Analysis: A tough choice for Gideon Sa’ar

Now that his dream job is within grasp, Sa'ar must decide if to run.

December 10, 2014 00:55
1 minute read.
Gideon Sa'ar (Center) says goodbye to the Knesset, November 3, 2014.

Gideon Sa'ar (Center) says goodbye to the Knesset, November 3, 2014. . (photo credit: MARC ISRAEL SELLEM)

Life was so much more simple three months ago for Gideon Sa’ar.

He announced his retirement from politics at a well-attended pre-Rosh Hashana toast, and then weeks later left his job to spend more time with his family.

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Since then, his infant son David, who he said he wanted to see start walking, took his first steps. The proud father put cute pictures up on Instagram.

But now Sa’ar’s dream job is within his grasp. A poll taken for The Jerusalem Post and Maariv Sof Hashavua published Friday found that the public preferred him to Prime Minister Benjamin Netanyahu.

A Midgam poll on Channel 10 Tuesday night predicted that Netanyahu would lose to a Labor list that would include Tzipi Livni. If Sa’ar led Likud, he would do just as well as Netanyahu.

Likud activists are calling on Sa’ar to save the party he genuinely loves.

Strategists are saying that even if he loses a Likud leadership race to Netanyahu, it could set him up as his heir apparent. They say that sometimes it helps to lose to win in the long run.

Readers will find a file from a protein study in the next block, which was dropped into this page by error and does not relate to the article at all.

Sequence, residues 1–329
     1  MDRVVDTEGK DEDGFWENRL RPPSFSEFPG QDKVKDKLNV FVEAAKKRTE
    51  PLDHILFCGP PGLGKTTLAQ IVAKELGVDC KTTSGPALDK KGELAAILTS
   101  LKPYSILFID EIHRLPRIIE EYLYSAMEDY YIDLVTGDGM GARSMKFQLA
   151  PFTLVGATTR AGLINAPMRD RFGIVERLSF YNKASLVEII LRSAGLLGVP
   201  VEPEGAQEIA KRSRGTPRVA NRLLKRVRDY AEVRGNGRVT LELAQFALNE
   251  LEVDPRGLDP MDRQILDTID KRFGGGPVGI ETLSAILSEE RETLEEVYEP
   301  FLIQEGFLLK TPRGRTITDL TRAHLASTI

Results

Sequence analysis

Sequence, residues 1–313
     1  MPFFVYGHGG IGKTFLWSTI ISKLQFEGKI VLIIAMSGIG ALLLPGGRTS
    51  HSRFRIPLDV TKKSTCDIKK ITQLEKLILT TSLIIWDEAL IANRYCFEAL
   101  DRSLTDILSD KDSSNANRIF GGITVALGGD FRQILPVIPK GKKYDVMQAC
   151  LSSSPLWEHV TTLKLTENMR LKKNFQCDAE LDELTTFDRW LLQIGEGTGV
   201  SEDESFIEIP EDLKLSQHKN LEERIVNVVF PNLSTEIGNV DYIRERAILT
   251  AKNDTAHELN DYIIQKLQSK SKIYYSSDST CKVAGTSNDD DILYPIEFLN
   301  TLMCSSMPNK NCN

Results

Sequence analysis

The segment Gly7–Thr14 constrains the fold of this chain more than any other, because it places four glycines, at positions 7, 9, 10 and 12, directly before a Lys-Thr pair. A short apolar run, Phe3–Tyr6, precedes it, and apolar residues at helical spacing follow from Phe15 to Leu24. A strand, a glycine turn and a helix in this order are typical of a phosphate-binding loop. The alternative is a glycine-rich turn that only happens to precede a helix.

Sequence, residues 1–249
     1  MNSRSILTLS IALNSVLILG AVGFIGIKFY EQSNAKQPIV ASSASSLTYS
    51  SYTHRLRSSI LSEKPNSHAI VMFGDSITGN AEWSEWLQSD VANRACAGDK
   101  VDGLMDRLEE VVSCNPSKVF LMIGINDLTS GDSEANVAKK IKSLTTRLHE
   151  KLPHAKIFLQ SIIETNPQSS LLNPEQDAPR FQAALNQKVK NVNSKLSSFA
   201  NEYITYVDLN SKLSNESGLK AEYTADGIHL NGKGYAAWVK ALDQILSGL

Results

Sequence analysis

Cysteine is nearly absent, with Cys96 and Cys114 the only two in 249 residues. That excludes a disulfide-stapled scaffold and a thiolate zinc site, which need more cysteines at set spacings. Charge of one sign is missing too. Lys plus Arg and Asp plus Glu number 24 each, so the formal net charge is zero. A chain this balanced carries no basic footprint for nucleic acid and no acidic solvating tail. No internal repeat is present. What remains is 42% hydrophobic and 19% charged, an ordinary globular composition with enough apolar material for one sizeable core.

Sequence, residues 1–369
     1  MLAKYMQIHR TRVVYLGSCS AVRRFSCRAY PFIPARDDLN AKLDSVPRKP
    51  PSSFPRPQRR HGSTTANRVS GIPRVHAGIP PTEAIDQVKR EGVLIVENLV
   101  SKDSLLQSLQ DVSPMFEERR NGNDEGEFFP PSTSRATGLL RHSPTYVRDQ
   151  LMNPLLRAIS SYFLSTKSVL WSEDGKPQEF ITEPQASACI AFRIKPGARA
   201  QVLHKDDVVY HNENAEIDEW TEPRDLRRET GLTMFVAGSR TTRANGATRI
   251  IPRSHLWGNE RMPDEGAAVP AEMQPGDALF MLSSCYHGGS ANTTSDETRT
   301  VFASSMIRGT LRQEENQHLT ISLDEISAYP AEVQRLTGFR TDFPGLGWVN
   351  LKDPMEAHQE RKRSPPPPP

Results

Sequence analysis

All Sa’ar needs to do in the first round of voting in a Likud race is join the other two challengers, MKs Moshe Feiglin and Danny Danon, in preventing Netanyahu from winning 40 percent of the vote. Then Feiglin and Danon would unite behind Sa’ar in a runoff race that would be very winnable.

But on the other hand, running is a great risk. Winning is not guaranteed, and even if he did emerge victorious, Netanyahu could then rebel and split the party.

Since Sa’ar left politics, Netanyahu built his political base by moving to the Right, while Sa’ar lost the Interior portfolio, which is a powerful post.

He has made clear that his decision will not be connected to the journalistic career of his wife, Channel 1 anchorwoman Geula Even. Media reports on Tuesday that she had been suspended from her job pending his political decision were incorrect.

There is not much time left, especially if the Likud central committee votes Wednesday to advance the race by a week to December 31. The deadline to join the race is Sunday at 2 p.m.

If only it were simple.

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